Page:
For the majority of our agency new business programs at RSW/US, we use some form of mailer to kick off each monthly prospecting wave.
Those mailers, as you might expect, vary wildly in their design, but across the board they’re all designed for marketers who have very little time (which is all of them)-so they need to quickly get to the point-how our agency client can solve a business problem.
And each one is accompanied by a personal letter from the new business director.
On occasion we’ll get push back, (looking at you digital agencies) “no one ever reads that,” essentially.
I’ve discussed this in past posts, but part of an effective new business program is using every channel in concert with another.
Most agencies decry direct mail because they don’t follow up on it.
So with that, a quick caveat-
Never rely solely on direct mail either-it’s one tool.
One quick reason why you should consider direct mail below (and a second one at the bottom of this post):
In our 2014 New Year Outlook survey report, we asked Marketers how they most often found out about new marketing agencies: only 5.6% said social outreach and only 7.04% from Search.
Only one stat amongst many, but an indicator that a digital-only outreach won’t be as effective.
The key, though, per this Forbes pieces from Lois Geller: direct mail has always worked best when it’s personal.
In a separate article, Lois provides a few beneficial tips on mail (many of which could be applied to your emails as well):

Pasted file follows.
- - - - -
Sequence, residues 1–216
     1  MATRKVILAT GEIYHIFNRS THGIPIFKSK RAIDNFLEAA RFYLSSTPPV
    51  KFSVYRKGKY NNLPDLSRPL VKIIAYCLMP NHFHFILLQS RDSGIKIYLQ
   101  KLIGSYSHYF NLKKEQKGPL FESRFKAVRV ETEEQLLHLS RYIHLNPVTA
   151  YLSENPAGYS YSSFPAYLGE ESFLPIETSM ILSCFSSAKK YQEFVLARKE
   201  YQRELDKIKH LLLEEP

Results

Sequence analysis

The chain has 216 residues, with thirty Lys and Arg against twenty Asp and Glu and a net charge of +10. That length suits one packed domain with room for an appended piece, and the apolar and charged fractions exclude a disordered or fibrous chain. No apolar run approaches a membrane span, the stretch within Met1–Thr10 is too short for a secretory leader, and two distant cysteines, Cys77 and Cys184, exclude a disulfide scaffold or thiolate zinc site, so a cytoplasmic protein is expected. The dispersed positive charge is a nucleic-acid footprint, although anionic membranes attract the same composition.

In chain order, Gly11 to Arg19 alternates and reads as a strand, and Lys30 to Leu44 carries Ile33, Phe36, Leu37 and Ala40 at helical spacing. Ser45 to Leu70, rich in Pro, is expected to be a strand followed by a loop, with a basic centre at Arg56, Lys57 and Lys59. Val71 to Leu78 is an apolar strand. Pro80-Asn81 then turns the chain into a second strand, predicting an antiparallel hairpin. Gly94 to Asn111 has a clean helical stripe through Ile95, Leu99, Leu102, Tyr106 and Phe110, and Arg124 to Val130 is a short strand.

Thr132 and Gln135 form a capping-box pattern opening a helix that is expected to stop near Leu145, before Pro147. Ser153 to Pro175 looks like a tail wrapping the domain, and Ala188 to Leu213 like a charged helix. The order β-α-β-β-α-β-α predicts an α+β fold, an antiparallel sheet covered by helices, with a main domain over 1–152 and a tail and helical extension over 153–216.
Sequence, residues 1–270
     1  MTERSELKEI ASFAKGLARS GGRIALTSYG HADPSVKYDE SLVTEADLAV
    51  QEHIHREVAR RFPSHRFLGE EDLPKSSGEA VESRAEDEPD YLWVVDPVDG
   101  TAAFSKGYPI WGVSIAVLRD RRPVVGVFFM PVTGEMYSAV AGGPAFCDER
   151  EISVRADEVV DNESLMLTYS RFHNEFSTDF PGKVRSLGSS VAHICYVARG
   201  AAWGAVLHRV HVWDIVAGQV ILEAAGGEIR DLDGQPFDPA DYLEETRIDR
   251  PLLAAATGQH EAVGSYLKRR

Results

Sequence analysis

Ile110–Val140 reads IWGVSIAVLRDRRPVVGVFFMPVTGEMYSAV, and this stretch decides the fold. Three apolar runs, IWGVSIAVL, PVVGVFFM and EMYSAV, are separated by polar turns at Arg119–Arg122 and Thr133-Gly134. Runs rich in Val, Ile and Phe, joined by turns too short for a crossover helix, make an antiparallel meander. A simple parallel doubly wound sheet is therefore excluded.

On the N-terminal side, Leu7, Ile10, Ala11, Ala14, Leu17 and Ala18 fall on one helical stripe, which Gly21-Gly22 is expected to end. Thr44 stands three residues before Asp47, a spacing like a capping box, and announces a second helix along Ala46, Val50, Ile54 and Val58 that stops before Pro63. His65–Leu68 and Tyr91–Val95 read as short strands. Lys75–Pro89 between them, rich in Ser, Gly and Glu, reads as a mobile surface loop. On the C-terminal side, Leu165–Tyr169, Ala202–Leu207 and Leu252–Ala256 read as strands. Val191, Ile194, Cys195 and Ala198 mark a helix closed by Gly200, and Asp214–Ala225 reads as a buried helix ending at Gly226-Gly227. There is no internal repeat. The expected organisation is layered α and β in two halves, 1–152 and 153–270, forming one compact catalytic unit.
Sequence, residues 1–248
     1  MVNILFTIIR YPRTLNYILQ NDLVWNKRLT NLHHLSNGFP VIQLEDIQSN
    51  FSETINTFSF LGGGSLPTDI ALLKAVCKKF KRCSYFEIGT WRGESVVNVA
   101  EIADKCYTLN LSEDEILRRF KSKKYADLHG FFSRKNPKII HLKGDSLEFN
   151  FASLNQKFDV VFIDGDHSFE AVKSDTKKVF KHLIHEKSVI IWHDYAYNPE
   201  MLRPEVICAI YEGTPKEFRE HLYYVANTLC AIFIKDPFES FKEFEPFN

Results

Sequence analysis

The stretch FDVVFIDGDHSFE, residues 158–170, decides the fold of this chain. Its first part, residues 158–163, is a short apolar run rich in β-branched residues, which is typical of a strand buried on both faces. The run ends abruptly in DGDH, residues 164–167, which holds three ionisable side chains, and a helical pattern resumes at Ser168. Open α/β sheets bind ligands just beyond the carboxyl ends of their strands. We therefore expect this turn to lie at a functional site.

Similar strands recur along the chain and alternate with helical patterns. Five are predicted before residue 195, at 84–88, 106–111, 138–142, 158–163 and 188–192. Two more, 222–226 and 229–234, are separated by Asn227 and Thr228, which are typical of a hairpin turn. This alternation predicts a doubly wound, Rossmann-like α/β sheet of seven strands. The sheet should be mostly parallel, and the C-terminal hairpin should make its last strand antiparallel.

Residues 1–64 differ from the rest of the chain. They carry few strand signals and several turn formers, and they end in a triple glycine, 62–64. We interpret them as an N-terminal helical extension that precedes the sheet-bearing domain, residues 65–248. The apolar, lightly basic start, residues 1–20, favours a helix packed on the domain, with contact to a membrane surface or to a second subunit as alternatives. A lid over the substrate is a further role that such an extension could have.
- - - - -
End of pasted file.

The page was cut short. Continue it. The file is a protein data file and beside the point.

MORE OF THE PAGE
– Your letters should sound as if they were written by a human being.
-One-to-one and conversational is usually best. Forget corporatese, it’s snooze-inducing.
-Try a live stamp, even better, try two live stamps.
-Try to find common ground. One of my favorite first lines is “I don’t know how you feel about (whatever), but I …”
-Test a lot of different approaches and lengths.
Last thing to keep in mind-if not a collateral piece, a personal letter alone is also effective, and sign it yourself.
I mentioned a second reason to use direct mail in some form-an email we received recently.
This is from a prospect to one of our new business directors:
I received your brochure, so this should prove that the power of direct mail is not dead. It was good timing as we are reviewing a new project that will require outsourcing. We are looking to rebuild our XXXXX website. I have a meeting with our President on Friday to try to get funding and our VP of Sales has thrown in some requirements that go outside of our internal capabilities.
Something to consider.